As a first step, this article examined the relevant legal (Treaty), substantial (policy framework) and procedural (decision-making process) guidelines framing the consistency objective in the EU’s relations with the ACP countries. The first level of the Treaty framework outlines the mutually reinforcing nature of the different dimensions – foreign policy, development and trade – on which the Cotonou agreement builds. At the second level of the policy framework, the EU has proactively set up mechanisms to avoid contradictions between different objectives in the design of appropriate measures. In particular, the B-envelope of the EDF for unforeseen needs ensures, under specific conditions, that development cooperation continues despite the existence of appropriate measures. This allows for hitting a government in breach of democratic principles (foreign policy objective) while simultaneously continuing to support the population (development objective). The third level of the decision-making process consists of mechanisms and rules of procedure that aim at reconciling different objectives through a well-developed process of inter-service coordination. The introduction of the EEAS as a new actor in the leading role of the drafting of the Commission’s proposal by the Lisbon Treaty has proved relatively unproblematic. This can mainly be explained by the fact that the EEAS participates in the inter-service consultation of the Commission according to the same rules as any Commission DG.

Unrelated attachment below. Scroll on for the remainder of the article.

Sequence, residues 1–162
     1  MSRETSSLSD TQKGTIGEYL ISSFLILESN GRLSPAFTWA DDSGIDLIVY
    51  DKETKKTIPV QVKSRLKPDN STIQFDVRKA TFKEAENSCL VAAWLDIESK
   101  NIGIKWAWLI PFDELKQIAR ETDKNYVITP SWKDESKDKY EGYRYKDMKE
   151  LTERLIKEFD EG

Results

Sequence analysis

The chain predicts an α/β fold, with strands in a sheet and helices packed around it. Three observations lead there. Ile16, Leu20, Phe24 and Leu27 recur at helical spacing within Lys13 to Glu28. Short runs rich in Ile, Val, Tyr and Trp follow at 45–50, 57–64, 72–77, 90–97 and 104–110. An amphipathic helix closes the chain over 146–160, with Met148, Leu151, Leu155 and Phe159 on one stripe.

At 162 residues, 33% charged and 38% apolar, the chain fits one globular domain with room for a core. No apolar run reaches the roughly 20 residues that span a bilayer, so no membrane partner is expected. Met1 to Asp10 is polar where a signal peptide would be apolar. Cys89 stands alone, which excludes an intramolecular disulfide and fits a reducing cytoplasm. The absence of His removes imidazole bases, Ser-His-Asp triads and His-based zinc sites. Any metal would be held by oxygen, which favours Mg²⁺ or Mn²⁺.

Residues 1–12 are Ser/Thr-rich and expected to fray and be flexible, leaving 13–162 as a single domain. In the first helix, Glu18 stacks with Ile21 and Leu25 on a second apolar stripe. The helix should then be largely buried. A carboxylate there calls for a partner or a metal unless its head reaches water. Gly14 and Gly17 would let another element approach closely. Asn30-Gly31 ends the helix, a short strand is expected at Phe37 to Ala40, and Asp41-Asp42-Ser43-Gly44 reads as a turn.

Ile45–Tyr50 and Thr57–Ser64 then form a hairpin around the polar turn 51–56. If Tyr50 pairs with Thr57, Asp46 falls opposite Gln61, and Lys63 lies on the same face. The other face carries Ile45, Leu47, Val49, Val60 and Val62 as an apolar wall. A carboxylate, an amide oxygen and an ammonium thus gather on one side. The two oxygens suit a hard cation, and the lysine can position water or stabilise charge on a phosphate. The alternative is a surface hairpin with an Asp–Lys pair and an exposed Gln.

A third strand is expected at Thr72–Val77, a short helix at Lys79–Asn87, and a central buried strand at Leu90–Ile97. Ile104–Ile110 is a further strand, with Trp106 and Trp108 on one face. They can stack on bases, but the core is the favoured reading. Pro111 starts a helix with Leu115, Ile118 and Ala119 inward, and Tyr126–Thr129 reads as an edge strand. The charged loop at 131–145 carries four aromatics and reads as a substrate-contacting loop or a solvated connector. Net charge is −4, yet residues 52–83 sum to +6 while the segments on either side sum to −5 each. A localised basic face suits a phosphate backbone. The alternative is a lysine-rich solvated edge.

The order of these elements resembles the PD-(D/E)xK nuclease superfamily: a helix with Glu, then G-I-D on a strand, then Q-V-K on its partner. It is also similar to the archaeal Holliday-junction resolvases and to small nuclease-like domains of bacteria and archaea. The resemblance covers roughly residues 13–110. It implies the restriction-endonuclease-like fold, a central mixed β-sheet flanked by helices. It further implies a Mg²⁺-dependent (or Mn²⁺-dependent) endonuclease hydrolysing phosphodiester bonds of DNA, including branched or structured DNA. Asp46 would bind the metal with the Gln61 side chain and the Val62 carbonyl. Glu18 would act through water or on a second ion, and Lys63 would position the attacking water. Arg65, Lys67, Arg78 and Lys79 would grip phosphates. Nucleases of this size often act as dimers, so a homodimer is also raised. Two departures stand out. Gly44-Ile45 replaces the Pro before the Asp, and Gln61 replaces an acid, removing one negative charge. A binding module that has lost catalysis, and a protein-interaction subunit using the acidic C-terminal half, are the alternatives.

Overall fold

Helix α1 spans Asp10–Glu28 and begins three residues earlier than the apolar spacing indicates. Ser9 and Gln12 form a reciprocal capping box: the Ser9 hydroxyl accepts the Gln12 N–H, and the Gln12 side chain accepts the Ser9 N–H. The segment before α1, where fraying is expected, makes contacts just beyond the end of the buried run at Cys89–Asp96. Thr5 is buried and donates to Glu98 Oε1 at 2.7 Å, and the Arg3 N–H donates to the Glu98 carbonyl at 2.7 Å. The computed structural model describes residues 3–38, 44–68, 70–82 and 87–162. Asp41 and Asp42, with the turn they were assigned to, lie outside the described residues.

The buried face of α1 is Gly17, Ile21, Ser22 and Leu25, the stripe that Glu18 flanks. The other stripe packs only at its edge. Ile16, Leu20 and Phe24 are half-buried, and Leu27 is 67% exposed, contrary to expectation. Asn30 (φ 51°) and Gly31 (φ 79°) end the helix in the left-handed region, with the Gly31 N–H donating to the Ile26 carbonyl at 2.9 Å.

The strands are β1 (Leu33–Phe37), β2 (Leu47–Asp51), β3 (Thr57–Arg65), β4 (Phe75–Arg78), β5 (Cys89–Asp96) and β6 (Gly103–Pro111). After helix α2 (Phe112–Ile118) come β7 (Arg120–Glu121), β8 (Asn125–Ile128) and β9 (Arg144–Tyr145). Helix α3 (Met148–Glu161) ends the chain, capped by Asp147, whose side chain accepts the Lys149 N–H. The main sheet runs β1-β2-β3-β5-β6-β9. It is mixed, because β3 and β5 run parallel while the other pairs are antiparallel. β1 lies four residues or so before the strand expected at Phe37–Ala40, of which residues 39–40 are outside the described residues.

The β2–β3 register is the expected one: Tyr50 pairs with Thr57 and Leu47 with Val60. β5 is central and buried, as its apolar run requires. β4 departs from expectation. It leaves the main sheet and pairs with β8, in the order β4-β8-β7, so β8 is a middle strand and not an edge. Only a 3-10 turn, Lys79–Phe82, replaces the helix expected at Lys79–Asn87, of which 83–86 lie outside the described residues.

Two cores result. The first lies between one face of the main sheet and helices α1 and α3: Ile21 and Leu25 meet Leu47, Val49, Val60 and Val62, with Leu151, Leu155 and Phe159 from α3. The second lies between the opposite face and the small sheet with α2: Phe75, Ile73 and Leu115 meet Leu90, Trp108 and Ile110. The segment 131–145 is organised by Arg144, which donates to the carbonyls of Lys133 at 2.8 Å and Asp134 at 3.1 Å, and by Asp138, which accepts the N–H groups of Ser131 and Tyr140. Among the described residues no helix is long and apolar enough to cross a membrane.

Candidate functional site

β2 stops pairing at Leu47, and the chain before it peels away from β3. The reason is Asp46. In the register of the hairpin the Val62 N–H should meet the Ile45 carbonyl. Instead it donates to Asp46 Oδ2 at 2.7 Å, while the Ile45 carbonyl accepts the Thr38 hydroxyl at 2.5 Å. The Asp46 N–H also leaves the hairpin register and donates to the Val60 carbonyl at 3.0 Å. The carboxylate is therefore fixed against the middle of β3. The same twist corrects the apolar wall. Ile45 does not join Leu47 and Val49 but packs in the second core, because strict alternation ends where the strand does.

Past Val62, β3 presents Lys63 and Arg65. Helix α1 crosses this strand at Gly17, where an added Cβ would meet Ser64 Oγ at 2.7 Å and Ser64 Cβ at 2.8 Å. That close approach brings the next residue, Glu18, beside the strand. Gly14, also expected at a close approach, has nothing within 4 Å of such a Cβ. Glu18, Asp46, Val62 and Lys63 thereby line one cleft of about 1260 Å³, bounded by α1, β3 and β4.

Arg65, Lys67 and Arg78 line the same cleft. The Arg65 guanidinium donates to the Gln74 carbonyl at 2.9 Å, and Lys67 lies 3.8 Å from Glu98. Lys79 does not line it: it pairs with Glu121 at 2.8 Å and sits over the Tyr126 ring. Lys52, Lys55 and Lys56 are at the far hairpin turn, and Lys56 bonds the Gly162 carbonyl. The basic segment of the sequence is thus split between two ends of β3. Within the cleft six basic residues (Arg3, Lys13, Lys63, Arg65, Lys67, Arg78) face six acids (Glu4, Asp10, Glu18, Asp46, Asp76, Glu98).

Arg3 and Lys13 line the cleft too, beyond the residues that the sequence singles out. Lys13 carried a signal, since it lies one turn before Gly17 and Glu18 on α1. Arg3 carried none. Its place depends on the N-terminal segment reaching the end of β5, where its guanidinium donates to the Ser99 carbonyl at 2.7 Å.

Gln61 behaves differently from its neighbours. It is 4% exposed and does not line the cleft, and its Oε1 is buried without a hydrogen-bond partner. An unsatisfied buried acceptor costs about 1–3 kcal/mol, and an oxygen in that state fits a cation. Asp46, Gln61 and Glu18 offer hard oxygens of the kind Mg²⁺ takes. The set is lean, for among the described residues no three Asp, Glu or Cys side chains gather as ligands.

The three-level framework we identified plays an important role in facilitating the consistency of a proposal but is not a sufficient guarantee for consistency. The case study on Zimbabwe illustrated that the success of this framework in leading to a consistent output is influenced by other factors such as the international context, the positions of the member states as well as the preferences and interests of individual DGs. Overall our analysis has shown that the 2012 proposal to renew the appropriate measures against Zimbabwe reaches a medium to high degree of consistency. This has to do with several factors that contributed to the emergence of a consensus around the necessity to adopt a more comprehensive approach to Zimbabwe in order to support the realisation of the primary foreign policy objective. First, the evolution of the regional context and more particularly mediation efforts by South Africa led the Union to adopt a more pragmatic attitude towards Zimbabwe, leading to more flexible conditions in development cooperation. Second, this trend was reinforced by member states’ readiness to rethink the strategy vis-à-vis Mugabe’s government and to allow for more relaxed restrictions, reducing the tensions between foreign policy and development objectives. Lastly, over time,